However, is the Pontiac Solstice really worth your money? First, the Solstice is a surprisingly rare sports car that you can actually buy for under $10,000, although the GXP Special Edition could set you back $15,000. But you don’t just look at the purchase price. The good news is that Pontiac Solstice can be maintained as affordable as it was for General Motors. according to YourMechanic, The estimated cost to maintain and repair a Pontiac Solstice ranges from $95 to $2,198, with an average of $288.

Speaking of repairs, this is probably the biggest concern (or biggest incentive) for those looking to buy the solstice. The car is rare, so it will easily stand out in the parking lot, but this also means that the body parts are not so easy to find. However, they are just parts of the body. As mentioned earlier, Solstice shares mechanical components with other GM vehicles, so they are readily available. Just don’t face the lamp post.

RELATED: Here’s Why GM Should Return the Pontiac Solstice GXP

A comprehensive list of what to look for when buying a Pontiac Solstice

As is typical of low-volume cars like the Pontiac Solstice, they have their share of issues that you may want to know about before buying one on the used market. At the same time, later models should have improved build quality, so it may help to keep this in mind. Now, here’s a quick but comprehensive list of what to look for when checking out potential Pontiac Solstice.

  • convertible top: Rotate it on and off a few times, just to be sure. Check the general alignment paying closer attention to where the mounting feet come into contact with the material in the trunk. There may be minimal friction from normal use, but it should not be severe.
  • differential leakage: Leakage around the differential seals is a special thing with the Solstice GXP variator. The treatment, of course, is to maintain the proper fluid level and use only the recommended LSD additive.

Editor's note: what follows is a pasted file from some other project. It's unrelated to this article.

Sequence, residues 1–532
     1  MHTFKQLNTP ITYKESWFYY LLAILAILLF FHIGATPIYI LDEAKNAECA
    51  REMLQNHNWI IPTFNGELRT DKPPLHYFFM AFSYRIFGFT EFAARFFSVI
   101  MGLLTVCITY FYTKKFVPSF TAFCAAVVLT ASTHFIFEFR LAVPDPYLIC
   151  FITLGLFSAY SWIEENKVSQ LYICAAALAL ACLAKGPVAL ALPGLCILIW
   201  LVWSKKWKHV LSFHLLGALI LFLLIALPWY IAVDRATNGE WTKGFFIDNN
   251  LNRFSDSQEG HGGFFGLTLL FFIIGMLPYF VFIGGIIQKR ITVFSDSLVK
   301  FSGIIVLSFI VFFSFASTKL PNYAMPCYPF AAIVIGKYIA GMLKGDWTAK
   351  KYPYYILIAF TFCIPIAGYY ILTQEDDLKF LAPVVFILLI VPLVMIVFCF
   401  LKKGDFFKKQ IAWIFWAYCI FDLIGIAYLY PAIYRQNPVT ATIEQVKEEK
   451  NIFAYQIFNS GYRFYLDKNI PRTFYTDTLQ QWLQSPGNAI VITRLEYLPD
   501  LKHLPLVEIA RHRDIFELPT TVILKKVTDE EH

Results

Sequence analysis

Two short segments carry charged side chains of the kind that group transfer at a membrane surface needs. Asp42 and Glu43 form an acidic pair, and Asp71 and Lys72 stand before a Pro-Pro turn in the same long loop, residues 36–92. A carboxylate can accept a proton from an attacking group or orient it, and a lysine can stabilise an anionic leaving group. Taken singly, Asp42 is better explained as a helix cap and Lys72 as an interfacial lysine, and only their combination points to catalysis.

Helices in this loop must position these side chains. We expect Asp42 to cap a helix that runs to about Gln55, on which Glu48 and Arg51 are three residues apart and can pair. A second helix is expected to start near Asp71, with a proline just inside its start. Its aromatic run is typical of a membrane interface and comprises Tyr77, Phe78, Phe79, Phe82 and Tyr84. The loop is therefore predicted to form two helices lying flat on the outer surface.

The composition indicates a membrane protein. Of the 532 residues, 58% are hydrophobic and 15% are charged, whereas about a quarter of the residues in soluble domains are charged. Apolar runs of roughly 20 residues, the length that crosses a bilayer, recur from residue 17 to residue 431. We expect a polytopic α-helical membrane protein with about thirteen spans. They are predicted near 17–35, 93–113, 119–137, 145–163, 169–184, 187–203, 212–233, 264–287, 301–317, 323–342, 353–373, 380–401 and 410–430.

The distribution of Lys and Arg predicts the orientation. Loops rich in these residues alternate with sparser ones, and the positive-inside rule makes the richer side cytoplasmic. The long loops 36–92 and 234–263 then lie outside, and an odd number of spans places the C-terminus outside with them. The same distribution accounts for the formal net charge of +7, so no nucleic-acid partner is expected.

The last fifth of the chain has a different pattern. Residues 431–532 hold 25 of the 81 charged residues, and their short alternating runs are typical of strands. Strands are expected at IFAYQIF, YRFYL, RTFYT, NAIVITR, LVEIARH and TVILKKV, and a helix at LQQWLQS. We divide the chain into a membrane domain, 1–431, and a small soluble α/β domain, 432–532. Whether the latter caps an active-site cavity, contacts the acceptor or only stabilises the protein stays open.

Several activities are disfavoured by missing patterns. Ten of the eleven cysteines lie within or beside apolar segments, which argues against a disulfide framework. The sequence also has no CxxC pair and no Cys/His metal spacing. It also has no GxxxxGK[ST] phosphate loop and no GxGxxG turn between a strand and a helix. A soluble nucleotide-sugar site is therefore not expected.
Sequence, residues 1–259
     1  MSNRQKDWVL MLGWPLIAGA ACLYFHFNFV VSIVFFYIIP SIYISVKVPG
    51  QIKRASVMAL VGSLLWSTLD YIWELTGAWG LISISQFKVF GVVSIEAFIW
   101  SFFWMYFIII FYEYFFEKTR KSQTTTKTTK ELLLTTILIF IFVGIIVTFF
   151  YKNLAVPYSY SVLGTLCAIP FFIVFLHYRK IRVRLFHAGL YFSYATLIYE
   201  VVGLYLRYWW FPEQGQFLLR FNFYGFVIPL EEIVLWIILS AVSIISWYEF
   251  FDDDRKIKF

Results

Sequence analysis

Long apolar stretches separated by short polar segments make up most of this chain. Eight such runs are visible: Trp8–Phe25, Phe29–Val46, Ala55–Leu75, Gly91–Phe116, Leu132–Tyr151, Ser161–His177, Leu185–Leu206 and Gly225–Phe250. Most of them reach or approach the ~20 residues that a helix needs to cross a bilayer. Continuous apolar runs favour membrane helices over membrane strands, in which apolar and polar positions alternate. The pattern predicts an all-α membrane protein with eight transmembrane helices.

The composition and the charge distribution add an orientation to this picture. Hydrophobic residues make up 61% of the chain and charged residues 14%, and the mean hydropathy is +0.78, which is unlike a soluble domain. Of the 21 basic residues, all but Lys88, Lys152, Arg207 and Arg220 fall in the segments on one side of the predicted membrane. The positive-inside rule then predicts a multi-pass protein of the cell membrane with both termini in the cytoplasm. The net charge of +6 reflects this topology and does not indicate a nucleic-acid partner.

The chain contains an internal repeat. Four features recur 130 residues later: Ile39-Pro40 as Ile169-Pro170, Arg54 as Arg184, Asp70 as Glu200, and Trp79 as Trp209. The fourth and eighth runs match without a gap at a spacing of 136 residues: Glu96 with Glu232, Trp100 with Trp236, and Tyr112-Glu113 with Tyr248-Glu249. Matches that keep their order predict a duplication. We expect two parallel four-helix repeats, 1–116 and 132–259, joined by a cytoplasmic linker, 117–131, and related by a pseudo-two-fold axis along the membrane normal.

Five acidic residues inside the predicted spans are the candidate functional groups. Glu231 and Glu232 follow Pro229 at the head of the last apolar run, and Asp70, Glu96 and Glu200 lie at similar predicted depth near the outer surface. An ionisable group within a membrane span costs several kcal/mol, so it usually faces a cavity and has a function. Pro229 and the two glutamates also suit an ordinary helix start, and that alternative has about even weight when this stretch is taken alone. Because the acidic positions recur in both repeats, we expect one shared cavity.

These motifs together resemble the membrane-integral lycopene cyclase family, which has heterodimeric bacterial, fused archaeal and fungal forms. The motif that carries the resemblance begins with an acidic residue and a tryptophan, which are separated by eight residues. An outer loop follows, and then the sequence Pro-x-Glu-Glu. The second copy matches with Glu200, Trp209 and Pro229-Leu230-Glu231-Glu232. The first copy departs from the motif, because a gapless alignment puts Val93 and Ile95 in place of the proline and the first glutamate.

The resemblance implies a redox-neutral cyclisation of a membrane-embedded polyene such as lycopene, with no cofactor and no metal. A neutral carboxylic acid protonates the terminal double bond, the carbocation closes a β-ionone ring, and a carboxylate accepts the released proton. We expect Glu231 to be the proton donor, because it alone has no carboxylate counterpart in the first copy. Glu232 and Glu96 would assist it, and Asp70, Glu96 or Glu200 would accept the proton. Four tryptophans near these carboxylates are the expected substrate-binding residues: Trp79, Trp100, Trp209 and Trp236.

• Center console and cup holders: They are known to break easily on the solstice, which is especially bad because, as mentioned before, body parts are not so easy to find. the problem.
  • Undercarriage: This is very important when buying a used Solstice, as many cars have been raised incorrectly, causing the front fenders to crack.
  • shocks: Unfortunately, the original solstice shocks tend to leak. So, check it out.

In short, make sure the supports are completely open and free of obstructions. Warm up your hands and knees and make sure the chin spoiler and front end (and the intercooler on the GXP) aren’t damaged, given the Solstice’s low stance.

A malfunctioning passenger airbag is common with solstice and expensive to repair. So, don’t forget to make sure that it records a human inhabitant. Solstice GXP owners have reported failing water pumps after 20,000 miles. So, check that out too. And of course the engine. GXP turbo models are very easy to upgrade, so you should definitely know what the previous owner might have.

Finally, take your Solstice convertible to an electric car washer in your test drive to make sure there are no leaks and that the seals are good. It can be expensive to replace. Solstice was nominated for North American Car of the Year and Design of the Year award from the Automobile Journalists Association of Canada (AJAC) in 2006. We thought you should know.

#buying #Pontiac #Solstice

Leave a Comment

Your email address will not be published.